In 1968, Denny Zager and Rick Evans had a hit song called, “In The Year 2525,” which foretold, “Ain’t gonna need no husband, won’t need no wife/You’ll pick your son, pick your daughter too/From the bottom of a long glass tube.” Forty years later, that process is a reality, but, according to the U.S. Solicitor General in Capato v. Astrue, the son or daughter you pick ain’t necessarily gonna qualify for survivor’s insurance under the Social Security Act (SSA). The Capato case, which is currently before the U.S. Supreme Court, is another example of the practical legal problems caused by recent advances in human reproductive technology.


Twins Conceived Through In Vitro The facts of Capato are simple. In 1999, shortly after Robert and Karen Capato were married, Robert was diagnosed with esophageal cancer. Concerned that chemotherapy would render him sterile, Robert deposited his semen in a sperm bank for frozen storage. In 2001, Robert and Karen naturally conceived a son. Unfortunately, Robert died in March 2002. It appears that he was a resident of Florida at the time of his death. After Robert’s death, Karen underwent in vitro fertilization using the semen Robert had deposited with the sperm bank. As a result of this process, Karen conceived in January 2003 (about nine months after Robert’s death) and gave birth to twins in September 2003 (about 18 months after Robert’s death). In October 2003, Karen applied to the Social Security Administration for surviving child’s insurance for the twins, based on Robert’s earnings history. The application was denied, and Mrs. Capato appealed.

Under SSA Section 402(d), Robert’s twins qualify for surviving child’s insurance if they’re Robert’s children and if they were dependent on him at the time of his death. Surprisingly, the question before the U.S. Supreme Court is whether the twins are Robert’s “children,” even though everyone concedes that they’re the product of the fertilization of Karen’s eggs by Robert’s sperm. The confusion arises because SSA Section 416(h) provides a means for determining whether an applicant is a child of the deceased, which depends, in part, on state intestacy law. Under Florida law, which would apply to Robert’s estate, it appears that a child must be conceived before the parent’s death to be treated as an heir for intestate succession.

In its decision in Capato, the U.S. Court of Appeals for the Third Circuit decided the obvious: the twins are Mr. Capato’s children. The Third Circuit held that the means set forth in Section 416(h) for determining whether the applicant is a child of the insured are only relevant if that status is in doubt, such as in the case of a non-marital child. Here, there’s no doubt that the twins are Robert’s children, even though they weren’t conceived the old-fashioned way. However, the Third Circuit wasn’t convinced that the twins met the requirement that they be “dependent” on Robert at the time of his death. The U.S. Supreme Court will have the final word.

This isn’t a unique set of circumstances. The Ninth Circuit decided a case with similar facts in Gillett-Netting v. Barnhart. The Ninth Circuit, like the Third Circuit, held that a posthumously-conceived applicant was the deceased parent’s child for purposes of the Social Security Act, but the Ninth Circuit also went on to hold that the applicant’s status as the decedent’s child automatically caused the applicant to be the decedent’s dependent under applicable state law and, thus, also for purposes of the SSA.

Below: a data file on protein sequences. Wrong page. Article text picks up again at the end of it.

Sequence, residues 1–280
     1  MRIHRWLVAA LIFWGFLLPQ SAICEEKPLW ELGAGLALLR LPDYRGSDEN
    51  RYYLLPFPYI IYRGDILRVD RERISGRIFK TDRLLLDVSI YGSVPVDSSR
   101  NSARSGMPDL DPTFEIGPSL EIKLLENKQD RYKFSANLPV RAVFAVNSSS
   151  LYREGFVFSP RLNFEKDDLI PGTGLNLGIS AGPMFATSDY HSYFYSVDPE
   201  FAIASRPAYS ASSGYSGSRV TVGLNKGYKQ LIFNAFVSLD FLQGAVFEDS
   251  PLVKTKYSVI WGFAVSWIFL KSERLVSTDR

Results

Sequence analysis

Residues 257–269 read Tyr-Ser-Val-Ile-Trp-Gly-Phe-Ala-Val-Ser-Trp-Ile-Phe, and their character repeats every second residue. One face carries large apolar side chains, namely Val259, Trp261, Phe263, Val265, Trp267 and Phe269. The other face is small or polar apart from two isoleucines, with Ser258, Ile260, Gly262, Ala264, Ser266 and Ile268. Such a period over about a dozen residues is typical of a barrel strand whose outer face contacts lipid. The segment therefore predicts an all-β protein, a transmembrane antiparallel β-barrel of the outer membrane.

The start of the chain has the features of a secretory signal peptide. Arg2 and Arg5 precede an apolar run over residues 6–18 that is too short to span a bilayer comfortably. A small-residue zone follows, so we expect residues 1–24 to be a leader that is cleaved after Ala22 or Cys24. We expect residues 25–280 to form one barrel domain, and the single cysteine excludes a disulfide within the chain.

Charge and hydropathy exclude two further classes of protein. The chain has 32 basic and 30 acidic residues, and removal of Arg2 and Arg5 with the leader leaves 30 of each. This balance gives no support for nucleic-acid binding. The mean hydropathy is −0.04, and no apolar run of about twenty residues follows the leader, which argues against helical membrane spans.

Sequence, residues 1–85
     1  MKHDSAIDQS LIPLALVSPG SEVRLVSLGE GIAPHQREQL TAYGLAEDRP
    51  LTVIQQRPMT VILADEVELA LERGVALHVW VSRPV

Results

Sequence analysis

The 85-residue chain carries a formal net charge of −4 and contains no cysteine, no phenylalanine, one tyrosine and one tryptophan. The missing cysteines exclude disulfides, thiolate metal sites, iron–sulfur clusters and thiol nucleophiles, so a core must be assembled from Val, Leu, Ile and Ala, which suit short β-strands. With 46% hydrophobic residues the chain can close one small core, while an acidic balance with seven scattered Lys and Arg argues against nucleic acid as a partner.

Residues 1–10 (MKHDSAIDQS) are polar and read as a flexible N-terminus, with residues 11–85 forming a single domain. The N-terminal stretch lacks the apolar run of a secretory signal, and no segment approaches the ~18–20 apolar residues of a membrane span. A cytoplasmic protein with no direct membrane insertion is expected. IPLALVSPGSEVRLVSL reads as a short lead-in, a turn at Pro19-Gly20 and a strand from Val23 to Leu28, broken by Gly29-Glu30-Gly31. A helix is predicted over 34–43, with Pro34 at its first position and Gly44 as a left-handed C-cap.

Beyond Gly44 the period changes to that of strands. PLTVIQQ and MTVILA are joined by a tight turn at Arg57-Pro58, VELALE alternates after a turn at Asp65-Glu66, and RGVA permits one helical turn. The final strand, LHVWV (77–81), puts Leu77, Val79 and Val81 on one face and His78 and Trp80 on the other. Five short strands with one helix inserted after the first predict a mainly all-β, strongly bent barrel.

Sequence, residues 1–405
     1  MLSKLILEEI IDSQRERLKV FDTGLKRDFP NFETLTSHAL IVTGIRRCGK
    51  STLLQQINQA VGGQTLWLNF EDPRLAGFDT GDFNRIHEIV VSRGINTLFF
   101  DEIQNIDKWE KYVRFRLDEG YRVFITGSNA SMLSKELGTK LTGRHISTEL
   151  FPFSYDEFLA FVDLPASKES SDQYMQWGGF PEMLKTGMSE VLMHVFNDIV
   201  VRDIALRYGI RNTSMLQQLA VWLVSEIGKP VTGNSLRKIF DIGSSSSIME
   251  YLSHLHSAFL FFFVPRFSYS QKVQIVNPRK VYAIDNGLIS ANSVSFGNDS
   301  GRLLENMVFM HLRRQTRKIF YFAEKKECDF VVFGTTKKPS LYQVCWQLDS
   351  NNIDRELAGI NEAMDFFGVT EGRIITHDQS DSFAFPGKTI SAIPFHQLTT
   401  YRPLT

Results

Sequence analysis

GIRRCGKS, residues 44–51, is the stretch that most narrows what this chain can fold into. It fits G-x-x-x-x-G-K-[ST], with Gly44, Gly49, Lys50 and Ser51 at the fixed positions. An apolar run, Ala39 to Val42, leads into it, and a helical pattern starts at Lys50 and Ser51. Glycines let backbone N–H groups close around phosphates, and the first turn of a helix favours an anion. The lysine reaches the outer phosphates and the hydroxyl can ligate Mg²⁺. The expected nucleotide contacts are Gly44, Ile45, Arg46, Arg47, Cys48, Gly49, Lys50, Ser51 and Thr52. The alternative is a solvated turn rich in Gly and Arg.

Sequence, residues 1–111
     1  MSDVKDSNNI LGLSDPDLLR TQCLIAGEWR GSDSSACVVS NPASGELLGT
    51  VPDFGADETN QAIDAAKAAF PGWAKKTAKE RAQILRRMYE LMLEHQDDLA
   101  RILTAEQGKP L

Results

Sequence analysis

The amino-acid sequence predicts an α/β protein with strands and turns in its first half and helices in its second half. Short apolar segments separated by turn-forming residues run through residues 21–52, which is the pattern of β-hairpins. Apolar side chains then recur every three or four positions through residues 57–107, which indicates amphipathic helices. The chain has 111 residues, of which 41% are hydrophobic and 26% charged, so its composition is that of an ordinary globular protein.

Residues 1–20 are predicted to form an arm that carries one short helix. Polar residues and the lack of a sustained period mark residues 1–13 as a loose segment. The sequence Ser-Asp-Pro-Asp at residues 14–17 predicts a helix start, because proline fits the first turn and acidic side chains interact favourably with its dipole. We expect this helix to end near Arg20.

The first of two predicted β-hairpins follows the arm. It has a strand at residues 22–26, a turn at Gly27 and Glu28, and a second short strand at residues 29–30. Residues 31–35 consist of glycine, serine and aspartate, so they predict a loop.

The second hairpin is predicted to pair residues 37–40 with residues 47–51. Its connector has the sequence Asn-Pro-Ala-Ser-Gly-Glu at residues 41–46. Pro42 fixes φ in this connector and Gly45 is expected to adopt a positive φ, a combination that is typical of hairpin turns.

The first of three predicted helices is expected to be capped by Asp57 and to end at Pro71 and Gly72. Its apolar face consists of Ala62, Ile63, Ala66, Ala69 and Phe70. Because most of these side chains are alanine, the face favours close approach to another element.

UPA
Although it seems morally correct, and even logical, to give posthumously-conceived children the same property succession rights as their more timely conceived siblings, those who oppose this approach may be more practical than despicable. Posthumous conception can create many administrative problems that may have no workable solutions unless they’re addressed in the deceased parent’s estate plan. With current technology, for example, it’s possible that probate administration of a decedent’s estate or termination and disposition of a decedent’s trust, could be completed long before the decedent’s youngest child is even a twinkle in the lab technician’s eye.

For these reasons, the Uniform Parentage Act (UPA) Section 707 provides that if a person dies before his genetic material is used in conception, the decedent isn’t a “parent” of the resulting child unless the decedent expressly consented to be a parent of such a child. The comments to UPA explain that this provision is intended to avoid problems of intestate succession that posthumous conception might otherwise cause. “Of course,” the comments say, “an individual who wants to explicitly provide for such children in his or her will may do so.” The UPA has been adopted in nine states.

An introductory comment to Article 7 of the UPA articulates the challenge more broadly:

"[A]bsent legislation there are no clear rules for determining the parentage of a child resulting from a pre-zygote implanted ... after the death of the would-be father. Disposition of such pre-zygotes, or even issues of their ‘ownership,’ create not only broad publicity, but also are problems on which courts need guidance."

Proper estate planning can address many of the legal issues created by posthumous conception. As to the rest, we can understand if the law of property succession has to put some limitations on how late the stork can get started.